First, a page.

Nonepileptic Uses of Antiepileptic Drugs in Children and Adolescents
Department of Neurology and the Comprehensive Epilepsy Management Center, Bronx, New York, USA.Pediatric Neurology (Impact Factor: 1.7). 07/2006; 34(6):421-32. DOI: 10.1016/j.pediatrneurol.2005.08.017
Antiepileptic drugs are often prescribed for nonepileptic neurologic and psychiatric conditions. The United States Food and Drug Administration has approved several antiepileptic drugs for the treatment of neuropathic pain, migraine, and mania in adults. For pediatric patients, use of antiepileptic drugs for non-seizure-related purposes is supported mainly by adult studies, open-label trials, and case reports. Summarized here is the published literature for or against the use of antiepileptic drugs for neuropathic pain, migraine, movement disorders, bipolar disorder, aggressive behavior, and pervasive developmental disorders in children and adolescents. Using the American Academy of Neurology's four-tiered classification scheme for a therapeutic article and translation to a recommendation rating, there are no nonepileptic disorders for which antiepileptic drugs have been established as effective for pediatric patients. Valproate and carbamazepine are "possibly effective" in the treatment of Sydenham chorea, and valproate is "probably effective" in decreasing aggressive behavior. Carbamazepine is "probably ineffective" in the treatment of aggression, and lamotrigine is "possibly ineffective" in improving the core symptom of pervasive developmental disorders. Despite the frequent use of antiepileptic drugs in the treatment of juvenile bipolar disorder, migraine, and neuropathic pain, the data are insufficient to make recommendations regarding the efficacy of antiepileptics in these conditions in children and adolescents.
Conference Paper: Fuzzy clustering using extended MFA for continuous-valued state space[Show abstract] [Hide abstract]
ABSTRACT: In classical clustering, an item must belong to any one cluster, whereas fuzzy clustering describes more accurately the ambiguous type of structure in data. MFA (mean field annealing) combines characteristics of simulated annealing and a neural network, and exhibits the rapid convergence of the neural network, while preserving the solution quality afforded by SSA (stochastic simulated annealing). An extended MFA algorithm to solve the fuzzy clustering problem is proposed. It has continuous-value state space. The results of the experiment are given and compared with those of the fuzzy ISODATA algorithm. Fuzzy clustering using the MFA algorithm shows a lower energy state than that of the fuzzy ISODATA algorithm. The perturbing of only one variable is simpler and faster than traditional SSA method to perturb all the variables together, and ultimately enables true parallelism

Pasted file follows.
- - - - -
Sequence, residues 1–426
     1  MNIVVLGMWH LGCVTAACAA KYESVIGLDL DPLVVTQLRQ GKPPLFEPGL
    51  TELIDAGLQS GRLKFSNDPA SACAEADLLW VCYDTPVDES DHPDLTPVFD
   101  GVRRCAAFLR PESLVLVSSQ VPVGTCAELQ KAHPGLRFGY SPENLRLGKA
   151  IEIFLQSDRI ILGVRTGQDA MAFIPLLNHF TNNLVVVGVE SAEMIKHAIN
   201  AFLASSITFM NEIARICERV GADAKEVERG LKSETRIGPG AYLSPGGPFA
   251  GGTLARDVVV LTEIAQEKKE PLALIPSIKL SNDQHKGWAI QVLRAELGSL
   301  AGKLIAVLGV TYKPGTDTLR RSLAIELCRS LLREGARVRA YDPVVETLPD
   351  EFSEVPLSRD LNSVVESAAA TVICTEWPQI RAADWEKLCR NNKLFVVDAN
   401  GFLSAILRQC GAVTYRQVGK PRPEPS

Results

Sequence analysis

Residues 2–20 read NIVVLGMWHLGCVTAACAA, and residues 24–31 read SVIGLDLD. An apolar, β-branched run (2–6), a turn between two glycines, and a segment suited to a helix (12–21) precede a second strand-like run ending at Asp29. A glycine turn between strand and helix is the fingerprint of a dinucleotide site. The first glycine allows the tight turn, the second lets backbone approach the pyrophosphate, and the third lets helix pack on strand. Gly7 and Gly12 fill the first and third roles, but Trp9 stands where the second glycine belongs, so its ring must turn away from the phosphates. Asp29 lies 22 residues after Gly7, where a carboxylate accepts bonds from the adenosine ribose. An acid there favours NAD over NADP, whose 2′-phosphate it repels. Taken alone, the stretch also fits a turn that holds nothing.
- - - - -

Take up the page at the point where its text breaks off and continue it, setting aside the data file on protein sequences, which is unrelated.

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ABSTRACT: Antiepileptic drugs (AEDs) are used extensively to treat multiple non-epilepsy disorders, both in neurology and psychiatry. This article provides a review of the clinical efficacy of AEDs in non-epilepsy disorders based on recently published preclinical and clinical studies, and attempts to relate this efficacy to the mechanism of action of AEDs and pathophysiological processes associated with the disorders. Some newer indications for AEDs have been established, while others are under investigation. The disorders where AEDs have been demonstrated to be of clinical importance include neurological disorders, such as essential tremor, neuropathic pain and migraine, and psychiatric disorders, including anxiety, schizophrenia and bipolar disorder. Many of the AEDs have various targets of action in the synapse and have several proposed relevant mechanisms of action in epilepsy and in other disorders. Pathophysiological processes disturb neuronal excitability by modulating ion channels, receptors and intracellular signalling pathways, and these are targets for the pharmacological action of various AEDs. Attention is focused on the glutamatergic and GABAergic synapses. In psychiatric conditions such as schizophrenia and bipolar disorder, AEDs such as valproate, carbamazepine and lamotrigine appear to have clear roles based on their effect on intracellular pathways. On the other hand, some AEDs, e.g. topiramate, have efficacy for nonpsychiatric disorders including migraine, possibly by enhancing GABAergic and reducing glutamatergic neurotransmission. AEDs that seem to enhance GABAergic neurotransmission, e.g. tiagabine, valproate, gabapentin and possibly levetiracetam, may have a role in treating neurological disorders such as essential tremor, or anxiety disorders. AEDs with effects on voltage-gated sodium or calcium channels may be advantageous in treating neuropathic pain, e.g. gabapentin, pregabalin, carbamazepine, oxcarbazepine, lamotrigine and valproate. Co-morbid conditions associated with epilepsy, such as mood disorders and migraine, may often respond to treatment with AEDs. Other possible disorders where AEDs may be of clinical importance include cancer, HIV infection, drug and alcohol abuse, and also in neuroprotection. A future challenge is to evaluate the second-generation AEDs in non-epilepsy disorders and to design clinical trials to study their effects in such disorders in paediatric patients. Differentiation between the main mechanisms of action of the AEDs needs more consideration in drug selection for tailored treatment of the various non-epilepsy disorders.
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